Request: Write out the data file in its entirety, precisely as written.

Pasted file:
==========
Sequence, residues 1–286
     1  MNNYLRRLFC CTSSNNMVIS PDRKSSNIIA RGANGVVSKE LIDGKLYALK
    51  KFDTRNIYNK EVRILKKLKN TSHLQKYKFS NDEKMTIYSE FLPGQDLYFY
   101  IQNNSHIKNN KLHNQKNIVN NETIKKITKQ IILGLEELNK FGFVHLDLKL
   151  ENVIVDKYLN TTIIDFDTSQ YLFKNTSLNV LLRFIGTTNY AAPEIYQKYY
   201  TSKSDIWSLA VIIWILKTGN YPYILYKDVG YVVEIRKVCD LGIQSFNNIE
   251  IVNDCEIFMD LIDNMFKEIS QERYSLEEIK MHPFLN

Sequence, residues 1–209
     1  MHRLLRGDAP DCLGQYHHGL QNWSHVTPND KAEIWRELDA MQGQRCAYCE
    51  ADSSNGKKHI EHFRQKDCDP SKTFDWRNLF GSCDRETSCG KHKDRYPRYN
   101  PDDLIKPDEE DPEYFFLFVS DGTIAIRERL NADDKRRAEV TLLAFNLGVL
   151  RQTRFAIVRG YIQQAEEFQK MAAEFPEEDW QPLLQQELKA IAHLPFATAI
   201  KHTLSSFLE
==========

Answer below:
Sequence, residues 1–286
     1  MNNYLRRLFC CTSSNNMVIS PDRKSSNIIA RGANGVVSKE LIDGKLYALK
    51  KFDTRNIYNK EVRILKKLKN TSHLQKYKFS NDEKMTIYSE FLPGQDLYFY
   101  IQNNSHIKNN KLHNQKNIVN NETIKKITKQ IILGLEELNK FGFVHLDLKL
   151  ENVIVDKYLN TTIIDFDTSQ YLFKNTSLNV LLRFIGTTNY AAPEIYQKYY
   201  TSKSDIWSLA VIIWILKTGN YPYILYKDVG YVVEIRKVCD LGIQSFNNIE
   251  IVNDCEIFMD LIDNMFKEIS QERYSLEEIK MHPFLN

Sequence, residues 1–209
     1  MHRLLRGDAP DCLGQYHHGL QNWSHVTPND KAEIWRELDA MQGQRCAYCE
    51  ADSSNGKKHI EHFRQKDCDP SKTFDWRNLF GSCDRETSCG KHKDRYPRYN
   101  PDDLIKPDEE DPEYFFLFVS DGTIAIRERL NADDKRRAEV TLLAFNLGVL
   151  RQTRFAIVRG YIQQAEEFQK MAAEFPEEDW QPLLQQELKA IAHLPFATAI
   201  KHTLSSFLE